SNAP participation up more in some States than others

A map of the U.S. showing the change in the percentage of population receiving SNAP benefits, years 2009 to 2011.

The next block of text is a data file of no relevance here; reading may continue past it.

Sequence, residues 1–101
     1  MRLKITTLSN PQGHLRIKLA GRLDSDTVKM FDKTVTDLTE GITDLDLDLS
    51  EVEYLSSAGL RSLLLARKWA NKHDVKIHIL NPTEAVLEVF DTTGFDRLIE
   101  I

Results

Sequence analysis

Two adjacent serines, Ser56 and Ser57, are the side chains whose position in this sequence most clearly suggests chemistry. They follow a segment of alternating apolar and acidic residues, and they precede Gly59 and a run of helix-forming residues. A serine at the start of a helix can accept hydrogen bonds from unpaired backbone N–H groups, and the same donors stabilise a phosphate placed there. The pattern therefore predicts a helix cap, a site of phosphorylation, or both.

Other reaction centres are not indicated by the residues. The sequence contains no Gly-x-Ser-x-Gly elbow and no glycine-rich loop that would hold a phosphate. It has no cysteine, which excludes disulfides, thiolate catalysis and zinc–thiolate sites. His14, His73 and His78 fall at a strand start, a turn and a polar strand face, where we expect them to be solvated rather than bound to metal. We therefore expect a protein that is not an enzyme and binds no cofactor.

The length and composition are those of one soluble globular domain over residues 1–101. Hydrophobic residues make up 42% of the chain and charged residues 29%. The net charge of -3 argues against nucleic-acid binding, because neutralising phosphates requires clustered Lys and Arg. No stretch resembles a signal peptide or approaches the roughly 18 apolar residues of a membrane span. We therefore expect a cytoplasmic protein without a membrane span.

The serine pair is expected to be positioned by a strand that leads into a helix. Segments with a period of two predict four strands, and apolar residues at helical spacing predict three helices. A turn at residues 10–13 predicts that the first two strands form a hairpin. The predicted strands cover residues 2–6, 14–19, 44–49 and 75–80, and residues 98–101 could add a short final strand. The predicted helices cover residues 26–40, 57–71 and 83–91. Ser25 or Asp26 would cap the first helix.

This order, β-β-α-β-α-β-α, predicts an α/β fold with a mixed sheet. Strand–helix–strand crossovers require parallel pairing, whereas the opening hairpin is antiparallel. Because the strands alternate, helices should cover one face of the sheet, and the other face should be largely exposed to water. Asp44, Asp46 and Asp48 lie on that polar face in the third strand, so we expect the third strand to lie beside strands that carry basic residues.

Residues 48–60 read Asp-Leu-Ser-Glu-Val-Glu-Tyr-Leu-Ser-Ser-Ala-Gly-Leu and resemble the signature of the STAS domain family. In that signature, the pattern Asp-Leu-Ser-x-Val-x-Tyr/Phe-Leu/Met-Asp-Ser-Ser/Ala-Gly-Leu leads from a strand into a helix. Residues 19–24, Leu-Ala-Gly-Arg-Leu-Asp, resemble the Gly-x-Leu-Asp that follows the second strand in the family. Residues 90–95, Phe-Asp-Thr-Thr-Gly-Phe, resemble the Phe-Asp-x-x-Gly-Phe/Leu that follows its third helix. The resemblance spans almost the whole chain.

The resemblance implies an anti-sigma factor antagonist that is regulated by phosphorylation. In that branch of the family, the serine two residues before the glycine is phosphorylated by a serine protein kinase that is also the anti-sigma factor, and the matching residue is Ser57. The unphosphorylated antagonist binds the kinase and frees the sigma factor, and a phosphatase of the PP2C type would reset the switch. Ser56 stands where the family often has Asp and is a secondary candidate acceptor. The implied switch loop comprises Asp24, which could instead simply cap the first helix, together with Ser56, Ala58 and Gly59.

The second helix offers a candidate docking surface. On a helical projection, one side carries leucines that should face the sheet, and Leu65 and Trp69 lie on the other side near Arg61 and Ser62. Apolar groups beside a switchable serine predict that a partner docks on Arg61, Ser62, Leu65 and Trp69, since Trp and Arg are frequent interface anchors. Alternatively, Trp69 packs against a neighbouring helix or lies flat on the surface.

In 2011, nearly one in seven Americans (14.3 percent of the total population) lived in a household that received food assistance benefits from USDA's Supplemental Nutrition Assistance Program (SNAP). This represents a 3.4 percentage point increase from 2009 when 10.9 percent of Americans were receiving SNAP benefits. The rate of increase varied by State with 10 States, plus the District of Columbia, showing percentage point increases above 4.5 and 8 States with increases below 2.5. A combination of economic and policy factors account for differences among the States. All of the States with the slowest growth in SNAP caseloads had unemployment rates in May 2011 below the national average, and only two of them had enacted policies to expand program eligibility. In contrast, 8 of the 11 jurisdictions with the fastest growing SNAP caseloads had unemployment rates above the national average and all 11 had adopted policies raising SNAP income and/or asset eligibility cutoffs for many households. This chart is one of the new maps in ERS's Food Environment Atlas, updated on June 29, 2012. For more information on SNAP and other nutrition programs, visit the Food and Nutrition Assistance topic page on the ERS website.

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